Have you discovered any new exercise things since summer started?

No camp for DC2

It sounds like kid-to-kid transmission isn’t much of a thing, and that outdoor transmission with masks isn’t so bad, so we won’t negatively judge anybody who is doing summer camp.  DC2 is so energetic and so extroverted that summer camp has seemed like a necessity.

There are three summer camp options in town for 7-8 year olds.

The school-run camp doesn’t open until Mid-July and they are doing everything correctly.  They’re limiting the number of students at each campus, they’re putting them in groups of 5 that don’t interact, they’re requiring masks (except at meals) and they’re doing most of their camp outside.  Curbside pick-up and drop-off of campers only.  Problem:  it is already regularly 100 degrees outside so that sounds MISERABLE.  (Plus it’s so inexpensive and slots are so limited, I feel guilty taking a slot that someone who can’t work from home needs, though that problem could be solved by just waiting to sign up.)

On the other end of the spectrum, the Children’s Museum is making zero changes.  They’re doing their full programs at full size, indoors, masks optional.  The Children’s Museum itself will be open the same as usual with no mention of additional cleaning procedures.  That all sounds like a recipe for disaster on top of us feeling like zie had really outgrown it last year at age 6.

In the middle is the Science Museum, which is limiting each of their summer camps to 10 kids total, two groups of five.  Masks required. They’re only doing half-days, mostly indoors.  The museum itself will be closed during the camp (it will open for the general public after camp finishes).  The problem with this is that the two groups of five are separated by age with 4-7 as one group and 8-12 as the other group.  DC2 is 7 and grade-skipped.  They don’t expect kids to be able to say, read, in the younger group.  It seems like the benefit just wouldn’t be worth the risk.  (DC2 also isn’t interested in any of the topics from this camp this year.)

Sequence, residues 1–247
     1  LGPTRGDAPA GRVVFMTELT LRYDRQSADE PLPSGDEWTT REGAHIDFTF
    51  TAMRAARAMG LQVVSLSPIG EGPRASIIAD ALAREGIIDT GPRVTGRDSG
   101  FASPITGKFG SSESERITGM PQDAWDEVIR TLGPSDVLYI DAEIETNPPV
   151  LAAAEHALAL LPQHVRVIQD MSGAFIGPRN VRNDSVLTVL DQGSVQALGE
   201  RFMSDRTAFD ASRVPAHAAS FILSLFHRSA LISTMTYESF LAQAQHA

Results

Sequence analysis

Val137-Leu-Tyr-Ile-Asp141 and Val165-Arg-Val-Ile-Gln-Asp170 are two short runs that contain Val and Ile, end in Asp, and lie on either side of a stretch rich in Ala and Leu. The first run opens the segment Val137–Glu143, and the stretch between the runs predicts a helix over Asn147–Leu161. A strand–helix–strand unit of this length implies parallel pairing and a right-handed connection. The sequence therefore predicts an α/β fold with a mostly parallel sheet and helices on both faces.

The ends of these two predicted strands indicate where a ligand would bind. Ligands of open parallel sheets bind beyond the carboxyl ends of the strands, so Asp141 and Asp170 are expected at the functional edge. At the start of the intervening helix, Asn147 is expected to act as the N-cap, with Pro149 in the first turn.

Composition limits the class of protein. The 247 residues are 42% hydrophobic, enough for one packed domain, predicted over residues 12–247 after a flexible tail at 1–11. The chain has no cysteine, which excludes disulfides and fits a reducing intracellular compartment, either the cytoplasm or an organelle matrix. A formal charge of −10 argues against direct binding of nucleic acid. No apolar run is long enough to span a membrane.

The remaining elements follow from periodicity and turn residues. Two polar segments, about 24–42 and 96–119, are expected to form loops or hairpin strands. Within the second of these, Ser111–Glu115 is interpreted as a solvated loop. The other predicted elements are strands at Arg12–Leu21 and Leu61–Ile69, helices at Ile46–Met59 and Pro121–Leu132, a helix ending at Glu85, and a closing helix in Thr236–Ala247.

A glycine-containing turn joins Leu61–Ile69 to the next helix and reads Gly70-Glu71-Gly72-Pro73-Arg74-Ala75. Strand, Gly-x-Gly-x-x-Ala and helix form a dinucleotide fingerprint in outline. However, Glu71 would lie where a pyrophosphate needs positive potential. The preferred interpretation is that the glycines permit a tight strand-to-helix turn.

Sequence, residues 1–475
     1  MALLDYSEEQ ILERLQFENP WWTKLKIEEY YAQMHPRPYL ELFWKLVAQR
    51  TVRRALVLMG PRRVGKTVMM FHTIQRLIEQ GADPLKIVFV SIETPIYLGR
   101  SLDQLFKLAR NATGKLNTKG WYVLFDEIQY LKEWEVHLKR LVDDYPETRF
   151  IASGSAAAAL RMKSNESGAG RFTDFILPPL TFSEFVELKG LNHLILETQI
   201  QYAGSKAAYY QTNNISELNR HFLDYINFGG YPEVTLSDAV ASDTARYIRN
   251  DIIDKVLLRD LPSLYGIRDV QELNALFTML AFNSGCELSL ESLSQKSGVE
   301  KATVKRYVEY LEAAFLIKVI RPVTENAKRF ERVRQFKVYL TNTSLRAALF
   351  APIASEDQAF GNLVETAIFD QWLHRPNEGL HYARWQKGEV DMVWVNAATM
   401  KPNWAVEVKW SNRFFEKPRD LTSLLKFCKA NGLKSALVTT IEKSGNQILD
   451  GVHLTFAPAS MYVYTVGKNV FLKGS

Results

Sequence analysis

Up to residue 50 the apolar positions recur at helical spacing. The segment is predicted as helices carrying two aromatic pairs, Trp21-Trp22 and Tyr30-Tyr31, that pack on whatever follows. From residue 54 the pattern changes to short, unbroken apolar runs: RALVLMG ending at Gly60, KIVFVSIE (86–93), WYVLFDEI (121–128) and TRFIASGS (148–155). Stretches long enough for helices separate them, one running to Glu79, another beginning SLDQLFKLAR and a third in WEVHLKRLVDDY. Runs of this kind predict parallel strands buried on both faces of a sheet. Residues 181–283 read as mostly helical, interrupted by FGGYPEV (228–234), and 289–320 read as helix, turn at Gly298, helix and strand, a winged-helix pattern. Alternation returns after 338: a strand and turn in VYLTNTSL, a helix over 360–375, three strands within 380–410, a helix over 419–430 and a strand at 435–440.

What are we doing instead?  DC2 is still going through workbooks and other chores.  Zie is zooming with hir friends (though some of those friends are signed up for the school’s summer camp and won’t be around in a month).  We’ve been working on getting them to be able to play minecraft together safely. (It looks like we can buy a subscription to a private minecraft server after signing waivers on behalf of our kids, but there are some wrinkles with there being different flavors of minecraft that don’t all talk with each other.  We’re hoping to work those kinks out soon.)  Zie is rapidly going through the kids’ collection of novels, manga, and comic books.  Zie is also allowed 2 hours of unsupervised screentime each day and has been watching Card Captor Sakura or playing several of a ton of switch games that DH bought recently.  There’s also bike riding (indoor or outdoor) and Ring Fit playing.  And 15 minutes of cleaning up their rooms.  But… there’s also a lot of whining and a little bit of sibling squabbling and quite a bit of parent shouting at them to knock it off and go outside if they can’t stop while we’re trying to work.

We still haven’t gotten reimbursed for our dependent daycare account– I thought that was supposed to happen last month, but I emailed and they said it would be in my “July paycheck” but this year I don’t have a July paycheck, so we’ll see what happens.  But even if we just flat out lose the money, I think we’re making the right decision not sending DC2 to daycamps here.

What do daycamps in your area look like?  What are other people doing with their kids?